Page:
Culture critic Megan Gates reviews ‘Still No Idea’, a ‘magical piece of theatre’, at the REP
Witty, innovative and unapologetically dark – ‘Still No Idea’ by Lisa Hammond, Lee Simpson and Rachael Spence is a must see.
The stage for this production is unassuming – a grey box with a couple of chairs, a table and a discarded keyboard. Our stars, Lisa and Rachael tell us that ten years ago, they wanted to make a show together but had no ideas so they took to the streets and asked the public “If you could imagine us two in a show, what would it be about?”. The public’s suggestions formed the basis of their collaborative debut, ‘No Idea’, which received rave reviews. For this production the basis is the same – the public suggested the show just ten years after the first one. The pair re-enact the public’s ideas, seeing them as a cockney double act, observational comedians and the victims of a nondescript street accident due to ‘wonky knees’.
The show is seamless for which special commendation must be given to light designer Colin Grenfell and sound designer Gareth Fry, whose remarkable work was commanding without being distracting. The wall at the back of the stage becomes a projection screen for the public’s recommendations as the pair find themselves in photo booths and rom-com worthy montages. This is an outrageously funny production – forget ‘close to the line’, the show is so far past the line you cannot see it; often having the audience asking themselves “can they say that?” and “can we laugh at that?”.
However, the pair found that Lisa, who uses a wheelchair for chronic pain, was always put in the background of the public’s stories. She was sat in a luxury apartment while Rachael falls in love and sat nowhere specific while Rachael hunts for the truth behind the death of an old school friend. Indeed, this show was not merely a two-person comedy – it is a gritty shattering of the assumption that it is easier to be disabled today than it was ten years ago. This is a play about how people with disabilities are put in boxes, and that it is often well-meaning people who put them there.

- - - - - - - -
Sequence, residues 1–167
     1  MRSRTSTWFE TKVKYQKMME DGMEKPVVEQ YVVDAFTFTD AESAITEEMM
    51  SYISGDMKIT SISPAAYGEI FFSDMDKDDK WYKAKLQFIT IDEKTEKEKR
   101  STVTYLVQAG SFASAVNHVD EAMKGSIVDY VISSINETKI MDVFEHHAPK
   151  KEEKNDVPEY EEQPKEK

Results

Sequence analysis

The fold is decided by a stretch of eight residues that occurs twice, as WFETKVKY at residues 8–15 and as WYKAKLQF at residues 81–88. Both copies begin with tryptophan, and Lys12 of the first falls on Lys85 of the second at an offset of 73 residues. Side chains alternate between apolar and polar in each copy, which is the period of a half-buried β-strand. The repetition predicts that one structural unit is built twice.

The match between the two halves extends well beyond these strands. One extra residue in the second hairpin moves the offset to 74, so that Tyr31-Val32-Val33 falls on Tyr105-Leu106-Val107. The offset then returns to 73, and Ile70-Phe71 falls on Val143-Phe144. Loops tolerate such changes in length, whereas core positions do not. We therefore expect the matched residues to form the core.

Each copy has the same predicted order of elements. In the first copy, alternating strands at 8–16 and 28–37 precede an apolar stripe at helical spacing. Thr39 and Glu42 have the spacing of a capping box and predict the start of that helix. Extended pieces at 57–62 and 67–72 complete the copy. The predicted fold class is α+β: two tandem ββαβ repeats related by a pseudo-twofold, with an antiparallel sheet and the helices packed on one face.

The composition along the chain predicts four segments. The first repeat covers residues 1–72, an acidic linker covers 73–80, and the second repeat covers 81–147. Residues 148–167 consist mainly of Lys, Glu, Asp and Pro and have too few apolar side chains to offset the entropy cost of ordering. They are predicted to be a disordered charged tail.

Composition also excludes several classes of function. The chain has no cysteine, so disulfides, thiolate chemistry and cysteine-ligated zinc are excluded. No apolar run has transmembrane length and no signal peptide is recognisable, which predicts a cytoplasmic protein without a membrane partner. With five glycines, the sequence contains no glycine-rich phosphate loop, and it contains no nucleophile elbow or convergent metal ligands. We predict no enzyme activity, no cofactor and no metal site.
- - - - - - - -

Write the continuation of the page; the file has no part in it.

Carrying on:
We are shown a sobering list of names and ages of people with disabilities who died by suicide, generally after being declared fit for work by the DWP. We are told that people with disabilities on TV (who are rarely given storylines venturing beyond their disabilities) or winning medals at the Paralympics are “inspiration porn”. They make people look the other way and feel rather good about ourselves for putting some people with disabilities in the limelight, whilst many people with disabilities are being denied tools they need to simply survive. Perhaps it is an extreme view, but it is one so forcefully and yet so humanly presented that it holds a powerful traction over the audience.
It is a play about a problem which does not pretend to offer any solution – the stars themselves accept that they simply haven’t got any. All they ask is the next time you read a book or watch a TV show or a film, you imagine the lead as a person with disabilities, because “imagining doesn’t change anything”, but it’s a start.
‘Still No Idea’ is a magical piece of theatre, a triumphant collaboration between the Royal Court and Improbable shown at The Birmingham Repertory Theatre until the 27th October. More information can be found here.